How The EU May Be About To Kill The Public Domain: Copyright Filters Takedown Beethoven
from the ending-the-public-domain dept
Over in the EU Parliament, they’re getting ready to vote yet again on the absolutely terrible Copyright Directive, which has serious problems for the future of the internet, including Article 13’s mandatory censorship filters and Article 11’s link tax. Regrading the mandatory filters, German music professor Ulrich Kaiser, has written about a a very disturbing experiment he ran on YouTube, in which he kept having public domain music he had uploaded for his students get taken down by ContentID copyright claims.
After exploring ways to teach his students Beethoven’s music, and putting together a collection of public domain recordings, he encountered the following thanks to YouTube’s filters:
The first video I uploaded to YouTube promoted the website where my digitized copies of public domain recordings are available to download. In this video, I explained my project, while examples of the music played in the background. Less than three minutes after uploading, I received a notification that there was a ContentID claim against my video. ContentID is a system, developed by YouTube, which checks user uploaded videos against databases of copyrighted content in order to curb copyright infringement. This system took millions of dollars to develop and is often pointed to as a working example of upload filters by rights holders and lawmakers who wish to make such technology mandatory for every website which hosts user content online. However, these claims ignore the widespread reports of its often flawed execution.
That inspired him to test this more thoroughly… and you’ll absolutely guess what happened next:
I decided to open a different YouTube account “Labeltest” to share additional excerpts of copyright-free music. I quickly received ContentID notifications for copyright-free music by Bartok, Schubert, Puccini and Wagner. Again and again, YouTube told me that I was violating the copyright of these long-dead composers, despite all of my uploads existing in the public domain. I appealed each of these decisions, explaining that 1) the composers of these works had been dead for more than 70 years, 2) the recordings were first published before 1963, and 3) these takedown request did not provide justification in their property rights under the German Copyright Act.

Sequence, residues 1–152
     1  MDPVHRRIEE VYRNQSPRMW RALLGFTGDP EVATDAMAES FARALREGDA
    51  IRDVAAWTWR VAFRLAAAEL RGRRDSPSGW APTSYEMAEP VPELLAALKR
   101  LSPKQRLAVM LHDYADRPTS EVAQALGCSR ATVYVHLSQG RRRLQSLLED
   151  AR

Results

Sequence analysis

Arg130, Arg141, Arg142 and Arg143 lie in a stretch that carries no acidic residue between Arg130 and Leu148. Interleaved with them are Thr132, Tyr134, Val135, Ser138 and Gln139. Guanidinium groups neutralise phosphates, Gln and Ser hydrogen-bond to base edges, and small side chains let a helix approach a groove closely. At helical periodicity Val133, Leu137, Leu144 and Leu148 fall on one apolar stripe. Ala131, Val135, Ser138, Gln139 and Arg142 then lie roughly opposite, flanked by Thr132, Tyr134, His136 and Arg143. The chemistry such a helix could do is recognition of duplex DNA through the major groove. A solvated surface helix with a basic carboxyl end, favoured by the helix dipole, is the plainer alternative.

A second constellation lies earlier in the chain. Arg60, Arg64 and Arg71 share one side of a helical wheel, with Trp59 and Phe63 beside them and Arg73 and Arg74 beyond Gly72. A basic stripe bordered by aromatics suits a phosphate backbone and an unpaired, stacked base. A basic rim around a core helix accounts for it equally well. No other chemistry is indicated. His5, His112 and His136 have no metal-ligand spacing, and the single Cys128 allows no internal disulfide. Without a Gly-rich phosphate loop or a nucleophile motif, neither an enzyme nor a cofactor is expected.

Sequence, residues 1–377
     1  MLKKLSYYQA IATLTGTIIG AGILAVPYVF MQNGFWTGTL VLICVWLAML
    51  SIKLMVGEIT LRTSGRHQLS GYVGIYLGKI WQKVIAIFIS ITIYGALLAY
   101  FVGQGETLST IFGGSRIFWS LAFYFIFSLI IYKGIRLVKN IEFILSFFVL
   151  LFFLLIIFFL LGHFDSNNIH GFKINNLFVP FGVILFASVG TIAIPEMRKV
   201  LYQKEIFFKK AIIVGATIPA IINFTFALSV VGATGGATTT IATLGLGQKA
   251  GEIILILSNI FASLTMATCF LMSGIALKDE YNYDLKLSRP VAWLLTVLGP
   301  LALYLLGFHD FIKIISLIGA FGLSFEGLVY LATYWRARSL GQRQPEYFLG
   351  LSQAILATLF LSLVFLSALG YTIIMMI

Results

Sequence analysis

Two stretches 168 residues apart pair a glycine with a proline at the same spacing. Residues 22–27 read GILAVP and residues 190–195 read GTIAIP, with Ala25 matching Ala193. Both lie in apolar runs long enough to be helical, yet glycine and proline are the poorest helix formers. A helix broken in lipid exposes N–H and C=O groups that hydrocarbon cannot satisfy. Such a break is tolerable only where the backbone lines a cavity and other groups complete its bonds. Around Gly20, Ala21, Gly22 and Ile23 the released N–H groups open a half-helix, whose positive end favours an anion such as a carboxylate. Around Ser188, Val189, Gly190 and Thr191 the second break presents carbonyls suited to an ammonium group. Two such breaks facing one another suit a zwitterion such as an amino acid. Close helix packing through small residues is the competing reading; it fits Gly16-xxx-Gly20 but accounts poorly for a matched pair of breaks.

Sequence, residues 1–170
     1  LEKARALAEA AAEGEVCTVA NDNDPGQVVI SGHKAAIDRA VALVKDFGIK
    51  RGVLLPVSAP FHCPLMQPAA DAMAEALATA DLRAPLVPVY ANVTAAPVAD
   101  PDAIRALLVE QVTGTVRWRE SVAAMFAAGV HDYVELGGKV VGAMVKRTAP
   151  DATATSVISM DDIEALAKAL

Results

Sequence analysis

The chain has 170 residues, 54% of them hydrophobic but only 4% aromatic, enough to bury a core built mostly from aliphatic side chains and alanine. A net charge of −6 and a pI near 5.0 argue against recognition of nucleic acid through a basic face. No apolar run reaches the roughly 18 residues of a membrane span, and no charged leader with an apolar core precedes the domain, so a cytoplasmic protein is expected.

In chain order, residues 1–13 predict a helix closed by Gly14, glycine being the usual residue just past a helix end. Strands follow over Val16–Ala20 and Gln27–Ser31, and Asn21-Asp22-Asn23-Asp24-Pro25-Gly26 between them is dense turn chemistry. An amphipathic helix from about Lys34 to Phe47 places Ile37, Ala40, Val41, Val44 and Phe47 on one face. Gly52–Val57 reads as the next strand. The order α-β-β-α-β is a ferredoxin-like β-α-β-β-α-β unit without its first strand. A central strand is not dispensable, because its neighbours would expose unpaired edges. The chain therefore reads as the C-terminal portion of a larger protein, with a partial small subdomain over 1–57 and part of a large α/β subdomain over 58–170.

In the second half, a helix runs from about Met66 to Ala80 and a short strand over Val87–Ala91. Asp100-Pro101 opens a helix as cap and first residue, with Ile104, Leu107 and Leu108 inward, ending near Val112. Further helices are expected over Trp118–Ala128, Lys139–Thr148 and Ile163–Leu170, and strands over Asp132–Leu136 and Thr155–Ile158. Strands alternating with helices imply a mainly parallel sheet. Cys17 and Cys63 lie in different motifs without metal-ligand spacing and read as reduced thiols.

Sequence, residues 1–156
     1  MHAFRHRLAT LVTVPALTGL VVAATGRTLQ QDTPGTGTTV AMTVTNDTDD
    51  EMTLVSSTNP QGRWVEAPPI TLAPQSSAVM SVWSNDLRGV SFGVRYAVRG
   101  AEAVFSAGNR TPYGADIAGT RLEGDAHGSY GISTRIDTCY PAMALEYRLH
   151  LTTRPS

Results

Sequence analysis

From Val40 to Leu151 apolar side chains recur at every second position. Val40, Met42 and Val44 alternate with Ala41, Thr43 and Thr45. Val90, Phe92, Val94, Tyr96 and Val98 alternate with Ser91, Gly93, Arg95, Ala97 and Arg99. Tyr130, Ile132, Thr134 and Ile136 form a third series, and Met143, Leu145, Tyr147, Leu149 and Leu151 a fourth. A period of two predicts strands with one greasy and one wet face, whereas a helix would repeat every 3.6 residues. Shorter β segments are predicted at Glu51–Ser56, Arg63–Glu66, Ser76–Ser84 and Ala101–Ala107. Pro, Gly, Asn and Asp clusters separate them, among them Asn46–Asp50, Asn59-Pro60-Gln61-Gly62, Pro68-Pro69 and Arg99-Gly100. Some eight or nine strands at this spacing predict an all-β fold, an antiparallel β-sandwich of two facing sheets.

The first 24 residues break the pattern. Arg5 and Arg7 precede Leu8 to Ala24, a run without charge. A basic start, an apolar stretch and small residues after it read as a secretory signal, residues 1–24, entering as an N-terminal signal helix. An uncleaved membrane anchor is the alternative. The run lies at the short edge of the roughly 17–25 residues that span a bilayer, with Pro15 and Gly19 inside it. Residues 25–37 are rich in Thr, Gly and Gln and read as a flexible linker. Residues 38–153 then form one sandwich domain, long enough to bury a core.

I only received more notices, this time about a recording of Beethoven’s Symphony No.5, which was accompanied by the message: “Copyrighted content was found in your video. The claimant allows its content to be used in your YouTube video. However, advertisements may be displayed.” Once again, this was a mistaken notification. The recording was one by the Berlin Philharmonic under the direction of Lorin Maazel, which was released in 1961 and is therefore in the public domain. Seeking help, I emailed YouTube, but their reply, “[…] thank you for contacting Google Inc. Please note that due to the large number of enquiries, e-mails received at this e-mail address firstname.lastname@example.org cannot be read and acknowledged” was less than reassuring.
And, again, this is in the strongest situation for filters to test themsevles. Google has spent more resources and money on ContentID than on any other filter. It’s been tested much more thoroughly than just about any other filter out there. And music is one of the easiest cases to match. And yet, it still got it all wrong. And it caused significant collateral damage:
I wish I could tell you that the ending to this tale was wholly happy. It is true that many of my contestations of these copyright violations were successful, and the videos were not taken down from YouTube. However, I intended to release all of my videos under a free license, so that they could be used in the future for others to educate and inform students about these beautiful works. Even in cases where my defense to the ContentID claims were successful, the videos were not reverted to this free license, making it much more difficult for others to use and share these digitized works in the way I originally had intended.
Now expand this out to other kinds of content, which aren’t as easy to match. Or companies who don’t have $60 million to spend on filters. Or where companies don’t have the time to review every disputed takedown. And what do you end up with? A serious impact on the public domain (not to mention fair use, parody and more).
And here’s the thing: mandatory filters are totally unnecessary. Most large platforms already have invested in ContentID-like systems. It’s the smaller sites and the upstarts who can’t afford such a thing. So all Article 13 will really do is lock in YouTube/Google as the dominant player. And maybe that’s what the RIAA and their friends really want: they believe that as long as there’s just one other big company they can sit across a table and demand cash from, that’ll somehow cover up for the fact that it sold its members a bill of goods about the internet for the past couple of decades. But, it will do enormous harm to creativity and content creators in the long run.